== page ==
The creative powerhouse discusses James Baldwin, Frank Miller’s ‘Batman,’ and why the most inspiring books are those you haven’t read yet.
Document’s contributors are compiling summer reading lists with a twist. We’re asking writers, authors, artists, scholars for their old favorites and anticipated releases.
Over the past decade, Tremaine Emory, aka Denim Tears, has thrived in a multitude of creative avenues, from radio shows and podcasts to fashion collaborations. He has also produced his own physical and audial material through his collective No Vacancy Innalongside longtime collaborator Acyde. His impressive roster of partnerships includes brands like Stüssy and Converse, not to mention his capsule collection for Virgil Abloh’s Off-White and No Vacancy Inn’s recent rendition of New Balance’s 990v3 sneaker.
Emory’s literary preferences consist of strong stories of perseverance and humanity, with an eye on racial identity, popular culture, and the New York arts scene. Emory also looks to Ulysses, a book he still hasn’t read, but feels strongly drawn to.
Without Sanctuary: Lynching Photography in America, edited by James Allen
These lynching photographs were often made into postcards and sold as souvenirs to the crowds in attendance in a sense they were considered art, even as dark as it was; that was America not too long ago. My parents, grandparents, and great-grandparents lived/survived through all of this. All of my storytelling I do is based on the human condition and navigating the pain that brings a lot of the times, such as the images in this book which link directly to my culture. These images are like horrific road signs reminding me of some of the stories I need to tell through my mediums of storytelling to help get past that fork in the road that we are ‘all’ stuck at in America.
Batman: The Dark Knight Returns by Frank Miller
This is the first piece of art that made me question the thin line between good and bad. Who’s a villain and who’s a hero, what is the law and what is justice. The artwork is crude yet beautiful, and I have been stuck on Lynn Varley’s (the colorist) color palette ever since reading this in the ’80s. Still read it once a year. Frank Miller can spin a tale like no one else, and this comic book has inspired me till this day.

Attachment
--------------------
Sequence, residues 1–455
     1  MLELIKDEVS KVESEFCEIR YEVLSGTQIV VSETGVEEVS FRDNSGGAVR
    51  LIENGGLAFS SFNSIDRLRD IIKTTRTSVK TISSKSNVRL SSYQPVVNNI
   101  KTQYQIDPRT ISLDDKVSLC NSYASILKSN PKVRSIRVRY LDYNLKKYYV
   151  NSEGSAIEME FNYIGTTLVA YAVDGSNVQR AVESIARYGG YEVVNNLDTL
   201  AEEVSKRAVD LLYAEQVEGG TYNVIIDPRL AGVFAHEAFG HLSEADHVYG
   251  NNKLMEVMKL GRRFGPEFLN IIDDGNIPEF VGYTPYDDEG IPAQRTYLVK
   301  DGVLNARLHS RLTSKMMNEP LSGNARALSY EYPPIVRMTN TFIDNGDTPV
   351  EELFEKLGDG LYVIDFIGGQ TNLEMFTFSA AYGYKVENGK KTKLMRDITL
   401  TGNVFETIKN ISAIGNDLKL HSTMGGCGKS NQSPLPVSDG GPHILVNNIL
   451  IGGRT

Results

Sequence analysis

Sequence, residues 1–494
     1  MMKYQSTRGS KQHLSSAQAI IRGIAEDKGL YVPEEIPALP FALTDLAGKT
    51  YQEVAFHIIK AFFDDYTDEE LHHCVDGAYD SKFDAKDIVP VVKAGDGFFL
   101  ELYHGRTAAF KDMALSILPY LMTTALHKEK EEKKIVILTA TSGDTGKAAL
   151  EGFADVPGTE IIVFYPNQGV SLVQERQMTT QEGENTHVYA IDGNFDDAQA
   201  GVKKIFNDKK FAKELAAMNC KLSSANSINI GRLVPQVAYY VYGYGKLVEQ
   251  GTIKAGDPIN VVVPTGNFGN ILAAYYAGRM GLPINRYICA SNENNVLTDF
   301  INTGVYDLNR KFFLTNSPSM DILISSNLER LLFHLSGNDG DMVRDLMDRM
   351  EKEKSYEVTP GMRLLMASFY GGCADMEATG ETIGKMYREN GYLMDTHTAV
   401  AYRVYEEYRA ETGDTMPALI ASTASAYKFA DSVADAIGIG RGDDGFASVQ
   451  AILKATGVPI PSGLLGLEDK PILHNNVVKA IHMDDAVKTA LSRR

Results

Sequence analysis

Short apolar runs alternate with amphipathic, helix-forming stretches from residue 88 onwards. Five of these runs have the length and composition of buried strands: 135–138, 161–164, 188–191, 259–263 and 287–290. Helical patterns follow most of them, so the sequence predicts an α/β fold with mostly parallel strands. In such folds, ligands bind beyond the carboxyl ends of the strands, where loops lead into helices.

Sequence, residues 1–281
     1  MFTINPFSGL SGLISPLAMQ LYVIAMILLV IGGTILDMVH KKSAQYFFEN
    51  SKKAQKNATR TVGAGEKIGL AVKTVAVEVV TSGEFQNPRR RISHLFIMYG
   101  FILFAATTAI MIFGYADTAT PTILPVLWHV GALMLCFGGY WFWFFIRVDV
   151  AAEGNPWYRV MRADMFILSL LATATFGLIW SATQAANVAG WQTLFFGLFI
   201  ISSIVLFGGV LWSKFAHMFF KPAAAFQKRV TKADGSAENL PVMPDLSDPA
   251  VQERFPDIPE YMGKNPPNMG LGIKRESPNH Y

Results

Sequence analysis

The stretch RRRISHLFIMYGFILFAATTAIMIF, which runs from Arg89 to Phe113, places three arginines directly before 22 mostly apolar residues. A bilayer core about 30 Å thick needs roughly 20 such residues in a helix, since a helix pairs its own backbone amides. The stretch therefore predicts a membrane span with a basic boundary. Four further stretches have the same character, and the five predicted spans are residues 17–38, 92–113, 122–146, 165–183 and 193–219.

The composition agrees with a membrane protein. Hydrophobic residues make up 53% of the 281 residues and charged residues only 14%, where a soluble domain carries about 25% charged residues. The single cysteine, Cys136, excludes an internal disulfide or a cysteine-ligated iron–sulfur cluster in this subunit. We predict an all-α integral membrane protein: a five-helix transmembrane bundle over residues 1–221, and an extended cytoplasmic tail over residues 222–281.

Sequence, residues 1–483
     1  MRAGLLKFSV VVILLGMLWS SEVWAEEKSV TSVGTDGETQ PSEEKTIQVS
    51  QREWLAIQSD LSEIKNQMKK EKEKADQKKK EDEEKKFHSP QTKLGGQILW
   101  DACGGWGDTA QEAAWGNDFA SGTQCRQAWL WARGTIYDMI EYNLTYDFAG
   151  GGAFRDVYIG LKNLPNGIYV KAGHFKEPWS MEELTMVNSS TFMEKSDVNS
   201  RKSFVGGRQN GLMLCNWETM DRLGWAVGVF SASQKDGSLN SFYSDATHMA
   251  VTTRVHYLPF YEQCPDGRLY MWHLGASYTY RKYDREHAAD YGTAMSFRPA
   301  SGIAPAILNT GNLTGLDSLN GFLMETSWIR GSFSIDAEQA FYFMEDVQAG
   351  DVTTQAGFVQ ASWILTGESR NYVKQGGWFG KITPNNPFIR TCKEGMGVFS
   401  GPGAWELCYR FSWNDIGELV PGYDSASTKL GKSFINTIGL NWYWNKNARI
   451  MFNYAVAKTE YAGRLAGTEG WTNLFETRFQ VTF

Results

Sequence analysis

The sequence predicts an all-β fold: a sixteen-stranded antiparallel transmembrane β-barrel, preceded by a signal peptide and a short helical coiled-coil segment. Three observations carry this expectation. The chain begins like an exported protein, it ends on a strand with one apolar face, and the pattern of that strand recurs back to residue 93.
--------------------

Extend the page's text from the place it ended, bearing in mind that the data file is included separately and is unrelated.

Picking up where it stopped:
Holy Terror: Andy Warhol Close Up by Bob Colacello
Acyde told me to buy this book, and he didn’t know how prophetic this book would be for me. The book is written by Bob Colacello, the [former] editor of Warhol’s Interview magazine, who spent a decade by Andy’s side as employee, collaborator, wingman, and confidante. The book is a wild look into New York, the art world, fame, and nightlife. The book was prophetic for me because I ended up living out many of its pages at my old job for an artist just as big as Andy.
The Fire Next Time by James Baldwin
The first book I pilfered from my parent’s book collection, first James Baldwin book I ever read, the first book I ever read on race relations. I learned the power of words from this book. The power of James Baldwin and the power that came from reading James Baldwin. I’m forever grateful for this and all the books in my parent’s library.
Ulysses by James Joyce
I haven’t read it yet, and I think that’s what one should be inspired by the most. The books you haven’t read yet, i.e. the things you haven’t done, places you haven’t been yet. People you haven’t met, things you haven’t accomplished, etc. That’s what should drive you and your art. Not resting on the laurels of what you already know. The unknown inspires me most. Also, this book was given to me by one of the keenest minds I have ever met, my love Boni. My life has been informed so much by special books given to me by special people. I look forward to reading this one and seeing where it takes me.
Find Tremaine Emory @denimtears.
Written by Madeleine Holth for Document Journal